That same day, Lowell Police Detective Todd Fenlon canvassed the area and learned of numerous surveillance cameras on buildings along Middlesex Street where the victim had walked, from Crowe and Sons Electrical Corp. (Crowe Electrical) near the overpass, past the Boys and Girls Club, to Pailin City. He obtained copies of video recordings made by those cameras during the relevant time period.

         At about 6 A.M. on the following day (August 24), the defendant appeared at the Lowell Police Station and told Detective Fenlon and another detective that he had information about a sexual assault that had been reported in the newspaper. The newspaper article concerned the assault on the victim; the defendant stated that he believed he had seen a woman connected with the incident. He said that at about 3 A.M., while outside a 7-Eleven store near the overpass, he had seen a small young woman. He had made several remarks to her (the content of which matched the victim's account), but she had "ignored him." The defendant asserted that he had walked off of the overpass onto Middlesex Street[3] and did not know what had happened to the woman after that.

         The defendant also told the detectives that his feet had been hurting that night and that, because it was raining and his shoes and feet were wet, he had taken off his shoes near the overpass and was walking in his socks. The defendant showed the detectives his feet, which appeared swollen. He explained in detail what he had been doing before 3 A.M. and after 8 A.M., but when asked what he had done between those two times, he said that he did not know, or he replied by repeating what he had done after 8 A.M.

         The detectives showed the defendant a still photograph (photo), taken from the Boys and Girls Club video, that depicted a man on Middlesex Street. The defendant said, "That's me."[4] He explained that the photo showed him placing a jacket on top of a dumpster.[5] The photo, in black and white, showed the defendant with short hair, wearing a lighter-colored T-shirt and dark-colored shorts.

         The defendant was then shown some of the actual Boys and Girls Club video, which depicted the man walking up Middlesex Street, from the direction of the overpass, past the dumpster, where he placed the jacket. The defendant again identified himself as the man shown. The defendant maintained, however, that he had not seen any woman in front of him. He was also shown video from Crowe Electrical that showed a man walking off of the overpass on Middlesex Street; the defendant identified the man as himself. After being shown a longer video clip that showed both the victim and the defendant walking behind her, the defendant again stated that he had not seen any woman walking in front of him.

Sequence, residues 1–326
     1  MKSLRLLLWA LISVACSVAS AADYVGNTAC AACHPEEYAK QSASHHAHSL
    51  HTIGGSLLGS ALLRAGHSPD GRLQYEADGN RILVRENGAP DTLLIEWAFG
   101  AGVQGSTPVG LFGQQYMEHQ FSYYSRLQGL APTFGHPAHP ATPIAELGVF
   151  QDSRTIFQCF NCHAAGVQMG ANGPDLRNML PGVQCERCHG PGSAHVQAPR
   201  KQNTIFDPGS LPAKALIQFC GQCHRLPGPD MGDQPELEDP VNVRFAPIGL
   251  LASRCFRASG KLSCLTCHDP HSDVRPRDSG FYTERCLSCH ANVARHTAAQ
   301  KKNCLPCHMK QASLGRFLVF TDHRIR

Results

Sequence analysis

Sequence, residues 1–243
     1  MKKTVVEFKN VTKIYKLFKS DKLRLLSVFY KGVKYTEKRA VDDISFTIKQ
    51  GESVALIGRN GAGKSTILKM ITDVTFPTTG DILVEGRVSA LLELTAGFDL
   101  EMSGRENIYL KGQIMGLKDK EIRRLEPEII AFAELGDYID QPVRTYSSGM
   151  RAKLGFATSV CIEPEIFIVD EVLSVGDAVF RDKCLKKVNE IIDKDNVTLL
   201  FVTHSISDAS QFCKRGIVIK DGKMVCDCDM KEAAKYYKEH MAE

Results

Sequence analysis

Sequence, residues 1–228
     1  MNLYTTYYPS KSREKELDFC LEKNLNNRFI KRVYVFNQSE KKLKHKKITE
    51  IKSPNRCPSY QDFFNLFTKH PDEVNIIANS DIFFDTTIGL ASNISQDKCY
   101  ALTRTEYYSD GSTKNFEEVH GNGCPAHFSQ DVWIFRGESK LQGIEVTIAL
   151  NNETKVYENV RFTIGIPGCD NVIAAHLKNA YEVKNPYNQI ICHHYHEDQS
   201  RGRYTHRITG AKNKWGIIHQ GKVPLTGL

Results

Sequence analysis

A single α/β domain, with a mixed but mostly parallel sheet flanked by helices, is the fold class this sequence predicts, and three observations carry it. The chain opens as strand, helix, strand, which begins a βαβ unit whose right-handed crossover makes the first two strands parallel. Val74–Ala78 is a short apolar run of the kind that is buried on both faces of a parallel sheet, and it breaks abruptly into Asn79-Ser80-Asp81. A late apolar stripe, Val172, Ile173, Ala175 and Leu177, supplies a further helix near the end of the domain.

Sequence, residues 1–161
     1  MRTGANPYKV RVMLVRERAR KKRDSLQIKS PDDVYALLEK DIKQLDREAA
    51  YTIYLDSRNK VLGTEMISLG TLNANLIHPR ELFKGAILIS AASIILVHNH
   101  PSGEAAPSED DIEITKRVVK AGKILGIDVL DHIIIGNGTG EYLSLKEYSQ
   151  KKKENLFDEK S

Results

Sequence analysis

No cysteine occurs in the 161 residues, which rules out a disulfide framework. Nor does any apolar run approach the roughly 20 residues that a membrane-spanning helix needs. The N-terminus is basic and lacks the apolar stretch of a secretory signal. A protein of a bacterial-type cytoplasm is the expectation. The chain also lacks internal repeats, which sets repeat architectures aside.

3. Photographic arrays.

         Police showed the victim a photographic array (photo array), and she selected a photo that she recognized as the man in the red shirt. Asked if she was "sure," she said she was; asked how sure, she replied that on a scale of one to ten she would "give it an 8." At trial she testified that she did so "[b]ecause no one ever says 10 out of 10," but that that did not mean she was not "sure." Police also showed Captain Beane a photo array, and he recognized a photo as showing the man with the red shirt that he had seen from the fire truck. Chea was shown a photo array but was unable to recognize the attacker among the photos.

         4. Video evidence at trial.

         At trial, copies of the videos were admitted in evidence, and parts of them were played for the jury. The Commonwealth also offered in evidence a one-page "[t]imeline" of the videos, listing and describing what it viewed as the relevant footage and where that footage could be found on the individual videos. The Commonwealth also created an approximately six-minute compilation video (compilation), which showed clips from some of the individual videos listed on the timeline, arranged in chronological order. The compilation was admitted in evidence and played for the jury.

         The compilation began with Crowe Electrical footage of the victim walking off the overpass on Middlesex Street, followed thirty-five seconds later by the man the defendant identified as himself, walking and occasionally trotting in a distinctive manner. Next came footage from the Boys and Girls Club (further up Middlesex Street) showing the victim and the defendant, now fifteen seconds behind her and still trotting intermittently. The compilation then showed Pailin City footage in which, just as the victim reached the front of Pailin City, a man caught up to her, grabbed her, struggled with her, and dragged her toward the alley entrance. The man appeared to be dressed identically to the defendant in the previous videos and was trotting in the same manner.

         The compilation next showed footage from a camera on the rear of Pailin City: a man dragged a woman out of the rear of the alley and into the dumpster area, where they continued to struggle with each other for about two minutes. The footage was too dark to see the man's clothing. Then a third individual appeared, jogging toward the dumpsters; fifteen seconds after he arrived, the victim emerged and ran toward the alley entrance. After she entered the alley, a fourth individual appeared from the same direction as the third. Five seconds later, the compilation ...